The second will be hosted at the Kingsley Library branch at Brownson Memorial Park, just south of the library, with the other members of the Grand Traverse Astronomical Society. Both locations will feature safe views of the Sun, if it’s clear, plus hands on activities and stories. This the 50th anniversary of the Apollo 11 Mission and the landing of the first humans on the Moon, a feat we want to repeat to stay and are also looking to land the first crews on Mars.

The times given are for the Traverse City/Interlochen area of Michigan. They may be different for your location.

Addendum

A Universe of Stories

07/17/2019 – Ephemeris – Only two bright planets are visible

July 17, 2019 Leave a comment

Ephemeris for Wednesday, July 17th. Today the Sun will be up for 15 hours and 11 minutes, setting at 9:24, and it will rise tomorrow at 6:14. The Moon, 1 day past full, will rise at 10:10 this evening.

Let’s look at the planets for this Apollo 11 anniversary week. Both Mercury and Mars are too close to the Sun to be seen. They’re still on the evening or east side of the Sun. Venus is on the west or morning side of the Sun and also too close to it to be visible. Bright Jupiter will be in the south-southeastern as it gets dark. It will pass the meridian, due south at 10:57 p.m. With steadily held binoculars a few of the 4 largest satellites of Jupiter can be seen. All four of Jupiter’s largest satellites can be spotted in telescopes. Jupiter will set at 3:29 a.m. Saturn will be lower down in the southeast in the evening, the brightest star-like object in that direction, but significantly dimmer than Jupiter.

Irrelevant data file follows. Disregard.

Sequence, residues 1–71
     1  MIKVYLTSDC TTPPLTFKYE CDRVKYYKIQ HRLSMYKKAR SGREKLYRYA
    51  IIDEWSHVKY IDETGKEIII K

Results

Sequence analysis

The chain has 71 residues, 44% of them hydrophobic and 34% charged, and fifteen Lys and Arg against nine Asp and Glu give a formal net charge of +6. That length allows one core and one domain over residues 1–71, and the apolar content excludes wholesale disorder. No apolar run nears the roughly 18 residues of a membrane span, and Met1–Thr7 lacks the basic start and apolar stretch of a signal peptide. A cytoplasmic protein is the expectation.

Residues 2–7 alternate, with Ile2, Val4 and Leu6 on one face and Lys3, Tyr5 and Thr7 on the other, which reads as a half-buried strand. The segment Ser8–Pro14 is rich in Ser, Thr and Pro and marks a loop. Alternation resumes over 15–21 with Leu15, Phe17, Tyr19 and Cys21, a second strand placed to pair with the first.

The times given are for the Traverse City/Interlochen area of Michigan. They may be different for your location.

Addendum

Evening planets

The evening planets and the Moon at 10:30 p.m. July 17, 2019. Click on the image to enlarge.  Created using Stellarium.

Binocular Moon

The Moon as it might appear in binoculars or a small telescope at 11 p.m. July Created using Stellarium.Stellarium.

Telescopic planets

Jupiter and Saturn with the same magnification at 11p.m. July 17, 2019. Created using Cartes du Ciel (Sky Charts).

Planets and the Moon on a single night